Mrs Poole was a housewife, pure and simple. She had spent years, while Mr Poole was at work, cleaning and tidying the house, washing clothes, reading cheap romance novels, and making her own fun. She didn’t dare step foot into the garden, unless to appreciate it. It was midday, and she was lunching alone, at the end of the dinner table that faced the garden. Something else was having it’s lunch, the squirrel was back. Mrs Poole looked out at the little furry creature. It didn’t look back, as it was too busy collecting the brazil nuts that were stacked in a large feeder. She watched, fascinated as the little animal clumsily clung on to the feeder, wobbling and scrambling for a grip.
While she watched, she thought. She was trying to decide whether to chase the diner away. She knew that her husband would be furious if he discovered that she had watched the squirrel make off the expensive food, but felt sympathetic. The poor creature was only trying to feed itself. How would she feel if somebody chased her away from her lunch? Her mind was made up by the time she had finished her mouthful. Mr Poole didn’t need to know. Smiling wryly at her own, thrilling piece of deception, she filled her fork with cold meat.
Arriving home at mid-afternoon, Mr Poole kissed his wife and accepted he tea she had prepared. “No intruders today? Oh, good, good. Looks like they finally got the message, eh!” However, stepping into the kitchen, Mr Poole almost dropped the tea. Quiet, malevolent, he whispered: “None, you say.” Every feeder, all seven of them, was full of squirrels. Mr Poole went purple. “Get out of my garden!” He exploded, bursting down the garden, waving his arms and cursing. Mrs Poole set about clearing up the tea and filling the pot once more.
Mr Poole spent the evening sitting in the garden, long after dark, until eleven o’clock, when, with a final shout of warning, he headed straight to bed.
Mrs Poole spent the whole day in the garden, chasing away squirrels and reading her book. Mr Poole had left in a foul mood, and Mrs Pool dared not disobey his instructions. It was a lovely day, so she was not displeased at spending the day outside. Mr Poole returned home, with a large package, in the evening.
The package was taken straight down to the garden shed, where Mr Poole spent a good hours. A squirrel, plucking up courage, scuttled onto a bird feeder. However, it scattered when explosion rang out. The first shot had been fired.
It’s fair to say that Mr Poole had been driven insane by this point. From the brief time he had spent as a soldier, Mr Poole knew how to handle a gun, and this is what he did now. The next day, and the next, and the next, were spent leaning out of a garden-facing window, pointing the gun outwards. Any furry intruders were warned off with a resounding shot, frequently waking children and sending dogs into a barking frenzy. At three o’clock, on the third day, squirrel-kind received their first casualty, and Mrs Poole refused to look out onto the garden, finished seven books and a thousand piece jigsaw puzzle.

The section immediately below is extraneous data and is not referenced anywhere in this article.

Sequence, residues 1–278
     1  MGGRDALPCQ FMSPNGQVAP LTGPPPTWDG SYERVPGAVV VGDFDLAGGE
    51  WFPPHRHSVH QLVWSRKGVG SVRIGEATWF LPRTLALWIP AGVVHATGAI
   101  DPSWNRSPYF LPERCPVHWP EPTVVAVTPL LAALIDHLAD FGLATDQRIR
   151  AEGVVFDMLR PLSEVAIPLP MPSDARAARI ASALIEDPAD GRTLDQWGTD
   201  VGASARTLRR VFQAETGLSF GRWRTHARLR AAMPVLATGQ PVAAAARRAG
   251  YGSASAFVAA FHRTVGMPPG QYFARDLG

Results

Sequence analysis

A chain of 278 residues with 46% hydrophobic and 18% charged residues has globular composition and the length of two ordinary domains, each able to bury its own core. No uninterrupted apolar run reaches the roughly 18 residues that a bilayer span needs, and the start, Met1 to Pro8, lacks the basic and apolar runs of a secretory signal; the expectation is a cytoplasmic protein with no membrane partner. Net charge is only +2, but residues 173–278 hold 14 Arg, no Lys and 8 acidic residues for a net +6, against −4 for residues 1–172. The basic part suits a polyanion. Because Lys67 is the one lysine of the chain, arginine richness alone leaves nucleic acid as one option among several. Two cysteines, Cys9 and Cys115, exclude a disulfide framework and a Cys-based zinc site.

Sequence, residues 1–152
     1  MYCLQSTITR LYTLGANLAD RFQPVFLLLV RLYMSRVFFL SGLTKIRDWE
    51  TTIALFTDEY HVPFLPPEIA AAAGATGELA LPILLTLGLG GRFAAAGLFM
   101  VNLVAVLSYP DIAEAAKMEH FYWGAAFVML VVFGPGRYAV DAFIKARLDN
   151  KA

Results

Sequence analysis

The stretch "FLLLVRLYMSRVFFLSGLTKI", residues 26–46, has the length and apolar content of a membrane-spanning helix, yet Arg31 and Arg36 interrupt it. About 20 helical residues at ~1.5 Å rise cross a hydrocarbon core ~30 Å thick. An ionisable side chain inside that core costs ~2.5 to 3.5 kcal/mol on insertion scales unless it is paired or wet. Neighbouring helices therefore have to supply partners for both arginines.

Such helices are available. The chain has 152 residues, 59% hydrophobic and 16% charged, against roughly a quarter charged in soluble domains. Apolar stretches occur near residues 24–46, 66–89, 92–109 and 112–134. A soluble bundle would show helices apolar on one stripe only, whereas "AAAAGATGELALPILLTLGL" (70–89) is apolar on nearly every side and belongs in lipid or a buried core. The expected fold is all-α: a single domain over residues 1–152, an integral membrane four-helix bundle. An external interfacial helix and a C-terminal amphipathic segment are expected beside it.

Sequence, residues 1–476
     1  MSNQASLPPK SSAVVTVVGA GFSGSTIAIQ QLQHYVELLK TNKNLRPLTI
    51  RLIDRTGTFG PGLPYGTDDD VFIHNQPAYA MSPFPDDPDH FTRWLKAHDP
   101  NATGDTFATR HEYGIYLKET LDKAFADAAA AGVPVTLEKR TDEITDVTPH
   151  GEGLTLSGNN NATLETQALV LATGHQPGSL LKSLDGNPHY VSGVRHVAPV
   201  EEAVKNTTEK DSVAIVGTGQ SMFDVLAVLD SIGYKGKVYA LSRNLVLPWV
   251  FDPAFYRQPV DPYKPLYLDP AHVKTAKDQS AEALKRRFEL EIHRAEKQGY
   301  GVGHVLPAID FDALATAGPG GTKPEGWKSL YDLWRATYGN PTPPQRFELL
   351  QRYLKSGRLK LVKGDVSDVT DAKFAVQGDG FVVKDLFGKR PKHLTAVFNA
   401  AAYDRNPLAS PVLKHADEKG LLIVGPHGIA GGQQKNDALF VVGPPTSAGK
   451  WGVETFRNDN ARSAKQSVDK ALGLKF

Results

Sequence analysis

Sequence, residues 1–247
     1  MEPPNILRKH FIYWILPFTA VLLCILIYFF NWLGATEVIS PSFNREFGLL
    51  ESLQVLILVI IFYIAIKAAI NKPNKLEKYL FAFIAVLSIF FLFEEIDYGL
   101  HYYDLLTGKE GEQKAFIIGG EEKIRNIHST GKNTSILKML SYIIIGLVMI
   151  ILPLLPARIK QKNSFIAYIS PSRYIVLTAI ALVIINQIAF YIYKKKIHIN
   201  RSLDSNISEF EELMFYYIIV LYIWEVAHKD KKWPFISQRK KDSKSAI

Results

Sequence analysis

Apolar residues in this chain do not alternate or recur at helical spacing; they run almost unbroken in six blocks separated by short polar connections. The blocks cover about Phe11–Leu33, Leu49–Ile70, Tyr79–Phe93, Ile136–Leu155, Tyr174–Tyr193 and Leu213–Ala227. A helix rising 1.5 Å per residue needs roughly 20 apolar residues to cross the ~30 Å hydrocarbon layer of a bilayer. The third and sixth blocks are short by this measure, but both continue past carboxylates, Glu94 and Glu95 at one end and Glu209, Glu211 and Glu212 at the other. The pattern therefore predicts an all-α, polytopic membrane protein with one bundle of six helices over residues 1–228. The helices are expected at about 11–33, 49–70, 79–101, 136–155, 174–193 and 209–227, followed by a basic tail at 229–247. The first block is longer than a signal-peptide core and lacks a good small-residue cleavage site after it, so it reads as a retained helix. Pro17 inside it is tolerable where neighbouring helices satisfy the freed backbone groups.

Slowly but surely, the news of Mr Poole’s madness spread. The rumours flew around the suburbia, as these things do, and within days the subject was being raised at bingo, football club and even at the bus stop. Mr Poole had finally lost it, and was endangering the lives of the local community. Something has to be done.
P.C Meadows had just had his lunch, a sausage and cucumber sandwich, courtesy of Mrs Meadow, when he received the call. Almost immediately, jumped into his patrol car and headed to Mr Poole’s house. When he was answered by an old lady, driven frail and infirm from a week of resounding gunshots, he was slightly surprised. “Er, good afternoon, Ma’am, is Mr Poole home?” Mrs Poole nodded solemnly; “He’s upstairs.” With much persuasion and cajoling on Mrs Poole’s part, Mr Poole was coaxed downstairs, and addressed P.C Meadows. “Can I help you Constable?”
“Yes, we’ve been receiving complaints about loud disturbances from your property, Mr Poole.”
“Yes, if you would be so kind as to come with me.” Mr Poole instructed his wife to watch the squirrels, and was ushered into the police car. He was eventually found guilty of owning a gun without a license, animal cruelty and disturbance. Mrs Poole has been watching the squirrels ever since. Mr Poole has also been watching the squirrels, in the prison gardens through the bars of his cell.
I hope you really enjoyed reading this, short and silly as it might have been.
I’m currently working on longer, more sensible stuff, which I hope you’ll also enjoy.
This is the short story of the stubborn, archaic Mr Poole. Mr Poole is a gardener, and his beautiful plot of land is used, amongst other things, as a five-star-restaurant for the local birdlife. However, when a squirrel intrudes into Mr Poole's pride and joy, he takes things far, far to far. This is just a short, fun story built out of a couple of hours freewriting. However, if one, wonderful reader smiles at my story, that will be enough for me. I really hope you enjoy it.